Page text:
Over the last three years we have seen an increase of diversity in our elected official and administrative leadership pool throughout Sonoma County. Many of these leaders broke barriers as the “first” in their respective roles across city and county government in a county that has been a formal establishment for over 170 years. For many members of the community, seeing folks who looked like them in leadership, elected to office and sitting in mayoral ranks was a sign that times were finally changing.
The joy and excitement swiftly shifted with the reality of everyone not fully being thrilled at their groundbreaking feats. Met with disrespect, being undermined, chastised, confronted with microaggressions and overt and covert racial bias, these leaders have had to continue to prove that they are good enough to hold their roles.
After the departure of six Black county officials over the last 18 months, the NAACP Santa Rosa – Sonoma County Branch continues to ask “At what point are we going to move from being shocked at these experiences and move into taking accountability for the conditions under which these circumstances continue to exist?”
Mayor Rogers sharing her truth during her speech at the Petaluma Blacks event should not have been front page news. That should not have warranted a barrage of aggressive phone calls and sharp toned emails to well over 20 leaders of color in the community to essentially “verify” her truth. She said what she said, bravely.
What should have made the news was the continuation of these types of microaggressive behaviors in 2023. It has become normal to disrespect leaders of color in Sonoma County and that should be accepted as truth. The investigative journalism that should have taken place was an inquiry to all of the silent leaders on the Board of Supervisors and all other City Councils on what they plan to do to move from the comfort of saying they are an ally toward showing up as an accomplice to mitigate the passive permission that allows such conduct. Their silence or need to speak with Mayor Rogers first before they can show up for her and so many others, simply models the problem at hand.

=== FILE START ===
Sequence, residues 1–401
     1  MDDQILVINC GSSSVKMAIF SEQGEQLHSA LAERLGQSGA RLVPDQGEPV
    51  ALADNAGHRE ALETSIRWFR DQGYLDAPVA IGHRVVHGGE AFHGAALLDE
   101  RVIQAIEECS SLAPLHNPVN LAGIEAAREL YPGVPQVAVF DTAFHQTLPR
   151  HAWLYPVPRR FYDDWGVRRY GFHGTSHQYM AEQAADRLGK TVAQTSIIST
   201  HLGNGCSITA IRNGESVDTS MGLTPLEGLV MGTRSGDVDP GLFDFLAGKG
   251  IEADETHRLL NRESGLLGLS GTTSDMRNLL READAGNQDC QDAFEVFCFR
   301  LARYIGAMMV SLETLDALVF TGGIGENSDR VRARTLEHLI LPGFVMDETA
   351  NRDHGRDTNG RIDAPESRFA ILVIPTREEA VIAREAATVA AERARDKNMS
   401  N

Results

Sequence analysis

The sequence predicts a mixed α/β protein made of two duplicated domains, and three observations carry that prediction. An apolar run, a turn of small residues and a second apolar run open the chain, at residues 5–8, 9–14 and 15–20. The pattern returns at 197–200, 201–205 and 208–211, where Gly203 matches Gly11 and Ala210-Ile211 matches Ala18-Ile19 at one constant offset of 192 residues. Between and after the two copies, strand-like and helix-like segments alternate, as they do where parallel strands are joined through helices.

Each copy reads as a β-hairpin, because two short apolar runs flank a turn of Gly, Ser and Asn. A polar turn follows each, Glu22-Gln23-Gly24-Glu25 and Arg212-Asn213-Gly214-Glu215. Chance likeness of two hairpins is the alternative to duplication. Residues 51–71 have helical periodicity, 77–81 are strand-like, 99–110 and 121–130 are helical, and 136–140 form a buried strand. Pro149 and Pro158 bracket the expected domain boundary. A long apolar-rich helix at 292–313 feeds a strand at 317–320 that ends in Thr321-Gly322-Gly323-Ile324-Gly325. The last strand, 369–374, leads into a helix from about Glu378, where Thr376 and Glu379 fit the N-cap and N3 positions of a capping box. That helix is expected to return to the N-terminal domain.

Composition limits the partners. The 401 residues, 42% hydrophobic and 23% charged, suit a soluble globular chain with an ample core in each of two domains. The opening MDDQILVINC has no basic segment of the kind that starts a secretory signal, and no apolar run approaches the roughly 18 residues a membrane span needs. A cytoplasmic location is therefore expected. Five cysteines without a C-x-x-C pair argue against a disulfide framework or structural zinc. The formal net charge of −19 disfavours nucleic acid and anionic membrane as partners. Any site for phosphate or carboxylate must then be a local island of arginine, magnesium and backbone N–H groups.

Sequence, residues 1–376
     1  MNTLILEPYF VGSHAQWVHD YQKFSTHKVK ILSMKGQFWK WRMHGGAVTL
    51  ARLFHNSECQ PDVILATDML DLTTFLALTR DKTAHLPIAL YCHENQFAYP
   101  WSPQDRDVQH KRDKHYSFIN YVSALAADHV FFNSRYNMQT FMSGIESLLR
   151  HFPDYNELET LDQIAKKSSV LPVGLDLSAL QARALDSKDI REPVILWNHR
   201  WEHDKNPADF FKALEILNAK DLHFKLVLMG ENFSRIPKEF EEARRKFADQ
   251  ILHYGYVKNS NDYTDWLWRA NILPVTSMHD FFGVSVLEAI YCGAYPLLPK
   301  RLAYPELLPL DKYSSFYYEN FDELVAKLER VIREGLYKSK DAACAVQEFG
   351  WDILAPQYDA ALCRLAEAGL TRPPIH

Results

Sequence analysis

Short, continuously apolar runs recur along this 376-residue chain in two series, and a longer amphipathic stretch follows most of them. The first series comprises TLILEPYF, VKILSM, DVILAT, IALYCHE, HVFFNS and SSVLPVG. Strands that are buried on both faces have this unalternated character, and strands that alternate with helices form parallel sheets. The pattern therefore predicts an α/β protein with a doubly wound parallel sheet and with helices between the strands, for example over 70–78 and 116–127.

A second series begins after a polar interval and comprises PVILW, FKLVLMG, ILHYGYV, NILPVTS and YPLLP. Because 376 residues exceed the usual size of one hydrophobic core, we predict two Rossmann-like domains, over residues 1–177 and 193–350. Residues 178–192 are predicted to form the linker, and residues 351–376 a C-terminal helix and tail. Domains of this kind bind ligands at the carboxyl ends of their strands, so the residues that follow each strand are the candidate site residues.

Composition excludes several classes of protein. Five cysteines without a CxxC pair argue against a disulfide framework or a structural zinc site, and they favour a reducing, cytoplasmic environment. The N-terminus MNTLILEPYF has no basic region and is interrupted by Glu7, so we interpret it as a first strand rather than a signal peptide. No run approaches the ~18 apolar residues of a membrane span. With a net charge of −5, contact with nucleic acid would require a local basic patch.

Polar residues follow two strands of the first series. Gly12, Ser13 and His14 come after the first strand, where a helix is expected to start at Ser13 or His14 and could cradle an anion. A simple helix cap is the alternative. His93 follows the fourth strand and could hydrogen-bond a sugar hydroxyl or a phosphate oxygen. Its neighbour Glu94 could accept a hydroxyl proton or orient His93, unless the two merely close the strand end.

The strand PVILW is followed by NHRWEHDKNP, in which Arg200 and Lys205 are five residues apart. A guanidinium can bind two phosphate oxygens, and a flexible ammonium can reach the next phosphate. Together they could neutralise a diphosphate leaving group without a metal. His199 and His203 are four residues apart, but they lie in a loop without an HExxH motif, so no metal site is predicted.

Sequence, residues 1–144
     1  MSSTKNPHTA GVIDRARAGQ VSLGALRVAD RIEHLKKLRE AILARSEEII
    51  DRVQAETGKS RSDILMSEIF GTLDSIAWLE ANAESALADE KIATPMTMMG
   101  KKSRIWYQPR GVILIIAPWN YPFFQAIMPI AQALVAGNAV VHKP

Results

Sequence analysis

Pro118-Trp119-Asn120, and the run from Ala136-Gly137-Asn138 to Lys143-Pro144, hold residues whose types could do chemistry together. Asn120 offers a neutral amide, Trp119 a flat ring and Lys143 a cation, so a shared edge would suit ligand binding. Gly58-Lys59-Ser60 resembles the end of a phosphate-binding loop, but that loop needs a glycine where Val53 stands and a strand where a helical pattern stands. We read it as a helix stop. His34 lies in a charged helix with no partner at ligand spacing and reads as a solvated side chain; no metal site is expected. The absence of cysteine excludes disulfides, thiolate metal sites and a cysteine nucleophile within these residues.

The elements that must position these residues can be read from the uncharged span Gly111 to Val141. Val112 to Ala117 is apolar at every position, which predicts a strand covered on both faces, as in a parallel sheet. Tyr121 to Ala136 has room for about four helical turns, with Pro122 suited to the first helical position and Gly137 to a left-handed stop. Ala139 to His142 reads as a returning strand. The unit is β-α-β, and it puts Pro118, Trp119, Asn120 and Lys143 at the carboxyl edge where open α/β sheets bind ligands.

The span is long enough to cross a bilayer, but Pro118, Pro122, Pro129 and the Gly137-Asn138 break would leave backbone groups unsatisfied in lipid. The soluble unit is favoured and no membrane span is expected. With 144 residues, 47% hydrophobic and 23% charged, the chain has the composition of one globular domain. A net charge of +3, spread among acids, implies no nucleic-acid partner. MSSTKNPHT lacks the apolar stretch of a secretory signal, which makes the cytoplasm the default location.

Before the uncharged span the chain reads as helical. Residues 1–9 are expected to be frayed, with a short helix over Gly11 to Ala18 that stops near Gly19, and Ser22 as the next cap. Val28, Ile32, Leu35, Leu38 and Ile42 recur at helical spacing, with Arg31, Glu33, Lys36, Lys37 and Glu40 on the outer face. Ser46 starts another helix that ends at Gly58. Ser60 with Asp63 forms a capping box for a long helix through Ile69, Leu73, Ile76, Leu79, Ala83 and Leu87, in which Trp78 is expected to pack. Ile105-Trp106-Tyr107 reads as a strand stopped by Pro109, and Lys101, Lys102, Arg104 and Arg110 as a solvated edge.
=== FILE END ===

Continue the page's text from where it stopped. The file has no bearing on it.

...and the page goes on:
Those who have the privilege of not encountering race-based microaggressions and bias are the very ones who need to set their fragility aside and stand up to addressing the need for institutional cultural shift that needs to take place across a number of government entities. With so many self-proclaimed allies, I am deeply disappointed in the silence. Silence breeds permission – permission to continue with the status quo even as it brings harm onto others. Ultimately, silence is complicity.
Frankly, the County needs to fully fund the Office of Equity. It is pointless to have a pillar of Equity when it is underfunded and understaffed to do the work it has been outlined to do both internally and externally in the community. Where is the story on this?
Kirstyne Lange is President of NAACP Santa Rosa – Sonoma County Branch.